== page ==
The final shot gives us some hope. Don and Sally exchange knowing looks outside the former whorehouse. Here's hoping that he tells her the whole story. It will come in handy when she writes her memoir of her crazy upbringing and becomes the Frank McCourt of suburbia.
Heavy Handed Symbolism Alert: We see Peggy wearing trousers at the agency while checking out Don's office at the end of the episode. Guess that means she's wearing the pants. D'oh.
Duck and his headhuntee arrive as Don departs and the latter says "going down?" as Don approaches the elevators. Enough with the elevator imagery, guys. It's time for it to go and time for me to go as well. I'm already experiencing withdrawal symptoms and am jonesing for season-7.
Finally, time to circle back to the post title, and let the Byrds have the last word:
Athenae beat me to the punch in posting about James Gandolfini's passing. So, I decided to do something a little different for PFT this week.
Tony Soprano was a die hard film buff and one of his favorites was William Wellman's The Public Enemy. Here's Tony watching Cagney in the episode wherein his virago mother Livia proved that she really wasn't too mean to die:
Mr. Gandolfini, who grew up in Park Ridge, in Bergen County, N.J., came to embody the resilience of the Garden State on “The Sopranos,” which made its debut in 1999 and ran for six seasons on HBO.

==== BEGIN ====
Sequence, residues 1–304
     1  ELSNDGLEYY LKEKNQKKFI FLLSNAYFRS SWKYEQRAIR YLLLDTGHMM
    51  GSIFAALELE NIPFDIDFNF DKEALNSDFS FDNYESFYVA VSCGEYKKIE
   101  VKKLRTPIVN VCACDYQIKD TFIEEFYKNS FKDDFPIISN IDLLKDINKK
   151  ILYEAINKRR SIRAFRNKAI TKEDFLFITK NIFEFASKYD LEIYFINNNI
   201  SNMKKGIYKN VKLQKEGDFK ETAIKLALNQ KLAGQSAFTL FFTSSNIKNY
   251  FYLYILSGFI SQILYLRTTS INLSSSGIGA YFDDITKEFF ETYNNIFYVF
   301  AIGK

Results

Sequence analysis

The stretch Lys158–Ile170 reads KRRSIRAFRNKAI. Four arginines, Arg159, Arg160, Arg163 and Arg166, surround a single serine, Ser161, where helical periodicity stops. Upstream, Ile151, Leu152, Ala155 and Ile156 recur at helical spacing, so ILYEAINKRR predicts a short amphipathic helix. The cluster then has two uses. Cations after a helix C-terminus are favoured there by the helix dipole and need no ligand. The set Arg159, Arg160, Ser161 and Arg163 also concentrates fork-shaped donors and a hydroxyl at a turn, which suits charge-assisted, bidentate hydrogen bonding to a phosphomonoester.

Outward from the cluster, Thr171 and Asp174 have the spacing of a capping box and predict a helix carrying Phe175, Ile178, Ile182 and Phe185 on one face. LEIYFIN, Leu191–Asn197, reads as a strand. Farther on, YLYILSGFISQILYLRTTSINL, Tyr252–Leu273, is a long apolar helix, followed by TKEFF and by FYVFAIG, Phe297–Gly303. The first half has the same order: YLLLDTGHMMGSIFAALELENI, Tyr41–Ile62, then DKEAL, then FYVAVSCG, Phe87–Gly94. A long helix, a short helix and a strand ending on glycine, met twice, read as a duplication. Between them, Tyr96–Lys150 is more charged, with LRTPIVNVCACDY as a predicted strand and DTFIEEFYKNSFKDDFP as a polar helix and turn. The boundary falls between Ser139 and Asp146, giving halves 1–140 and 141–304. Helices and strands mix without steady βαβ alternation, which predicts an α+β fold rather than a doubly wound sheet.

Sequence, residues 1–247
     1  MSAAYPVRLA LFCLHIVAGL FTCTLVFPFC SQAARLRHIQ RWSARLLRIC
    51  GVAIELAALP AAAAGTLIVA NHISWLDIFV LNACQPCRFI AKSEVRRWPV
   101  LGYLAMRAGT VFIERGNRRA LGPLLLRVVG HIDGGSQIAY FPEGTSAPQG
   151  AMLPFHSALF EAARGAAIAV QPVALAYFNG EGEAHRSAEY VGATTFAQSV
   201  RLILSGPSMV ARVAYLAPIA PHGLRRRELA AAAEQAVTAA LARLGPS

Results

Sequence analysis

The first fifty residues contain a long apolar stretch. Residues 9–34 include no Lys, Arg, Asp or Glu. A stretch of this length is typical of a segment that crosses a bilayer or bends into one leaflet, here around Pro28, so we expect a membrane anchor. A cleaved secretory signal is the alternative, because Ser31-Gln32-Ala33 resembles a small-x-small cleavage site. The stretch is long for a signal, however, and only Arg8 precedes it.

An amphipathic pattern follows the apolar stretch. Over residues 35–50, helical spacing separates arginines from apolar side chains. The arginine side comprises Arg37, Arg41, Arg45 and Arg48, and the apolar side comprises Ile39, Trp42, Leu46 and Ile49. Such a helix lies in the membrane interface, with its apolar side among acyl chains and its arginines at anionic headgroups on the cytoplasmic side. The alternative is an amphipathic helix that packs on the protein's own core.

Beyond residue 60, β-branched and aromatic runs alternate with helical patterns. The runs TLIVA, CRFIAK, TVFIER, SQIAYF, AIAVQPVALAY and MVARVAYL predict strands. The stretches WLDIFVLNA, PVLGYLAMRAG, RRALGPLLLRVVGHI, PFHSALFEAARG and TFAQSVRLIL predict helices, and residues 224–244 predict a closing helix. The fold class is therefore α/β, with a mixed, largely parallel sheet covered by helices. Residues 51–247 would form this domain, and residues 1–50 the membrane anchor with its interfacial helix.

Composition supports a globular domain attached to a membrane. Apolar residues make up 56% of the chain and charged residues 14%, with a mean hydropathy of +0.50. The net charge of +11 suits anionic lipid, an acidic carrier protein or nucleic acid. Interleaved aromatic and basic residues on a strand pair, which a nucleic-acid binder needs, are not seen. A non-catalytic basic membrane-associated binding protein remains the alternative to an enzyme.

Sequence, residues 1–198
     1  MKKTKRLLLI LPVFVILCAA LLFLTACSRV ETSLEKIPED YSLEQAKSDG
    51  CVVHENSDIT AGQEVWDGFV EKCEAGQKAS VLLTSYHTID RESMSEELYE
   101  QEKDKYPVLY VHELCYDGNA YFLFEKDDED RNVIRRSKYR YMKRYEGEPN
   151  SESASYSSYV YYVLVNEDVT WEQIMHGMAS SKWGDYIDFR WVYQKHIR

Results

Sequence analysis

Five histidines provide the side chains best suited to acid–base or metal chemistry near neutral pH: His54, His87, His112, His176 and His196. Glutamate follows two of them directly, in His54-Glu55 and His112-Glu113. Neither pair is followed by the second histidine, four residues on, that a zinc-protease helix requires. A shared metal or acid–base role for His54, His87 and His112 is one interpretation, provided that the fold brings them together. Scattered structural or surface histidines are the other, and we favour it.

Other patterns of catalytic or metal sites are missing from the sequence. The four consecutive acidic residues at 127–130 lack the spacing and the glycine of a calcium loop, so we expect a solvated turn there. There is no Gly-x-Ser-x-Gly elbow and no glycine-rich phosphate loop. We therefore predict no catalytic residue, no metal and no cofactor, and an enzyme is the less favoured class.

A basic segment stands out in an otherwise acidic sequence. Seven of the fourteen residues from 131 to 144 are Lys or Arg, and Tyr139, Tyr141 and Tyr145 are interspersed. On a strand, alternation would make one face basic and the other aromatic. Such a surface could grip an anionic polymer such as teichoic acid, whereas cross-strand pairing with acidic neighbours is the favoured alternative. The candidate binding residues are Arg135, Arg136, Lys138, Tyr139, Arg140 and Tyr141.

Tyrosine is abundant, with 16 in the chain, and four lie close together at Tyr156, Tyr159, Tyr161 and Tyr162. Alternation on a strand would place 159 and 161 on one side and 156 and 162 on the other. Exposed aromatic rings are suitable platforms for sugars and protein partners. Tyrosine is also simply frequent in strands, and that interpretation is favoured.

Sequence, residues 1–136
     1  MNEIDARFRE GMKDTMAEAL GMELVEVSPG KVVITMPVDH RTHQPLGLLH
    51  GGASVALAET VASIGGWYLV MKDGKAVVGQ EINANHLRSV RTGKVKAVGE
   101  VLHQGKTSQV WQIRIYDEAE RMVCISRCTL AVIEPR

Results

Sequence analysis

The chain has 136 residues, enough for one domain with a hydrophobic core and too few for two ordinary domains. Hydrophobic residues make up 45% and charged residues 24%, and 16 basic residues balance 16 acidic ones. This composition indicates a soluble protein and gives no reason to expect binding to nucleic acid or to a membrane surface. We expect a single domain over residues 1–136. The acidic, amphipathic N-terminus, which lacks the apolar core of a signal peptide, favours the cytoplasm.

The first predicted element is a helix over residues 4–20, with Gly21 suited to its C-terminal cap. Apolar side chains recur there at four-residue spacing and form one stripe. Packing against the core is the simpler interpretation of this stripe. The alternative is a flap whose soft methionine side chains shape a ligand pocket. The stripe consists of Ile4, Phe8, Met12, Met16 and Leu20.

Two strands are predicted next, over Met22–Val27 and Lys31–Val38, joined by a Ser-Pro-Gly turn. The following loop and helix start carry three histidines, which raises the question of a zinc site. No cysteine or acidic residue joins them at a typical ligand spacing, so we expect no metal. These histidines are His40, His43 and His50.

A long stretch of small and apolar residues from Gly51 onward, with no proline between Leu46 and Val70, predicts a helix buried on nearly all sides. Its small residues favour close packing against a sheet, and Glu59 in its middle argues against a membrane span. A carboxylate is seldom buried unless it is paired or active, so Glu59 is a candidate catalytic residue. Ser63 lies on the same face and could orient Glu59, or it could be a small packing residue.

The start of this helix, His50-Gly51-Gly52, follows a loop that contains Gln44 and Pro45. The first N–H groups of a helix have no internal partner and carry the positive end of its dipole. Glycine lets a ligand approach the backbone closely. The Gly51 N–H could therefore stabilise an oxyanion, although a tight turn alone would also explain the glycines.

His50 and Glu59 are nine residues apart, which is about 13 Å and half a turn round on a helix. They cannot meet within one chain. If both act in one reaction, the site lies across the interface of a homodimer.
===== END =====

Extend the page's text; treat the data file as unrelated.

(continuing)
In its pilot episode viewers were introduced to the complicated life of Tony Soprano, a New Jersey mob kingpin who suffers panic attacks and begins seeing a psychiatrist. Over 86 episodes, audiences followed Mr. Gandolfini in the role as he was tormented by his mother (played by Nancy Marchand), his wife (Edie Falco), rival mobsters, the occasional surreal dream sequence and, in 2007, an ambiguous series finale that left millions of viewers wondering whether Tony Soprano had met his fate at a restaurant table.
The success of “The Sopranos” helped make HBO a dominant player in the competitive field of scripted television programming and transformed Mr. Gandolfini from a character actor into a star. The series, created by David Chase, won two Emmys for outstanding drama series, and Mr. Gandolfini won three Emmys for outstanding lead actor in a drama. He was nominated six times for the award.
HBO said of Mr. Gandolfini in a statement on Wednesday, “He was special man, a great talent, but more importantly, a gentle and loving person who treated everyone no matter their title or position with equal respect.”
Here he is, clearly exhausted after a show, still taking the time to hang out with fans and even play with the puppy one brought to see him: